January 12, 2001 |
The United States needs a national missile defense and could deploy the system even before all the technical bugs are worked out, Defense Secretary-designate Donald H. Rumsfeld said yesterday. "Effective missile defense - not only homeland defense but also the ability to defend U.S. allies abroad and our friends - must be achieved in the most cost-effective manner that technology offers," Rumsfeld testified during his confirmation hearing before the Senate Armed Services Committee.
June 15, 2001
The European allies remain skeptica about . . . missile defense, although they are more prepared than they were to keep an open mind. . . . Their greatest concern is that any missile defense system might in fact encourage rather than discourage proliferation. But a system that might provide greater international security should not be flatly dismissed. [President] Bush still has a considerable job of persuasion to do. But he is setting about it in the right way. He is beginning a debate on an entirely new post-Cold-War security system.
June 14, 2001 |
In a closed-door meeting with his 18 fellow NATO leaders, President Bush picked up some allies yesterday in his effort to rally Europe behind a missile-defense plan. Italy, Spain, Hungary, Poland, the Czech Republic, Turkey and Britain all spoke warmly of Bush's plan, at least in concept, and in varying degrees, according to officials present. After months of skepticism and outright opposition from friend and foe alike, Bush took pleasure from the relatively warm reception.
June 19, 1999 |
You have to hand it to the proponents of a national missile-defense system. Nothing stops these guys. We have spent more than $120 billion since 1962 trying to find a way to intercept long-range missiles. Our best scientists have failed repeatedly to build a system that works. In 1975, we actually fielded a system of 100 nuclear-tipped interceptors - only to have then-Secretary of Defense Donald Rumsfeld shut it down five months later because it was militarily ineffective.
August 6, 2012 |
JERUSALEM - Israel has upgraded its top-tier Arrow II missile defense, a Defense Ministry official confirmed Sunday, as the country girds for possible attacks from Iran and Syria. Sensors, command and control equipment, and radar have been enhanced to improve reach and accuracy, the official confirmed without elaborating. He would not say how many Arrow II batteries are deployed around the country and spoke on condition of anonymity because he was not authorized to discuss the military's preparations.
July 25, 2006 |
Less than two weeks ago, I and other members of the House Armed Services Committee received a secret briefing on the ballistic-missile programs of North Korea and Iran. The threat is growing. It is a scary reality that Iran and North Korea - sworn enemies of freedom, democracy, and the United States - are in relentless pursuit of intercontinental ballistic missiles and expanded nuclear weapons. But the Aegis system - developed right here in South Jersey - offers us the hope of deterring or defending against such missiles.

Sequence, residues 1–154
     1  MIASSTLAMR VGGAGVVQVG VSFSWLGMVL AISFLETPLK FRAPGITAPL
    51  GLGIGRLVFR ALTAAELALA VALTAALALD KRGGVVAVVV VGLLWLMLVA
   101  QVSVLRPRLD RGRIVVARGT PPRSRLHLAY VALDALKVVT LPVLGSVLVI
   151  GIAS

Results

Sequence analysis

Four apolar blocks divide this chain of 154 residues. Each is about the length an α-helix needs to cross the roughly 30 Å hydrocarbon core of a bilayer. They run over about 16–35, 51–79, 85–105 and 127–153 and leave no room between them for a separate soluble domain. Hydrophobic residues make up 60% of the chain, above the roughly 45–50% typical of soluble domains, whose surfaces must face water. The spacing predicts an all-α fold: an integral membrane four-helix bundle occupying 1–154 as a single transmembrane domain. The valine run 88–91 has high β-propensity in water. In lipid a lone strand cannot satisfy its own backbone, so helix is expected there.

May 23, 2001 |
The Star Wars era of President Ronald Reagan passed with its broken promises of rendering missiles "impotent and obsolete. " Once again, President Bush has made national missile defense (NMD) a national priority at a cost that may exceed $150 billion in the next 10 years. Let us all remember a simple fact. None of the options Bush proposes - mid-course, boost-phase, and laser or energy-directed defenses - works, or shows the possibility of effective deployment for decades. Mid-course defense - that is, hitting the nuclear payload in outer space - has never solved the problem that decoys cannot be distinguished from payloads, that they cost less than one hundredth as much as anti-missiles, and are well within the technical reach of any country capable of launching an intercontinental ballistic missile (ICBM)
March 17, 2013 |
WASHINGTON - The Pentagon announced Friday that it would strengthen the country's defenses against a possible attack by nuclear-equipped North Korea, fielding additional missile systems to protect the West Coast at a time of growing concern about the Stalinist regime. Defense Secretary Chuck Hagel said he would add 14 missile interceptors in Alaska, a roughly 50 percent increase over the current number there and in California. The estimated $1 billion expansion represents a policy shift for the Obama administration, which had shelved earlier plans to expand the mainland defense system.
June 20, 2001 |
When George W. Bush made his first visit to Europe recently, it was like a rerun of Ronald Reagan's first visit to Europe in 1982, when a new president with a new defense vision faced skittish European leaders and a hostile Russia. What did Reagan do in the face of such opposition? He did what comes naturally to wise statesmen facing decisions of great consequence: He led the way. He faced down the protests, reassured our allies, called Moscow's bluff, and went ahead. President Bush faces a similar test.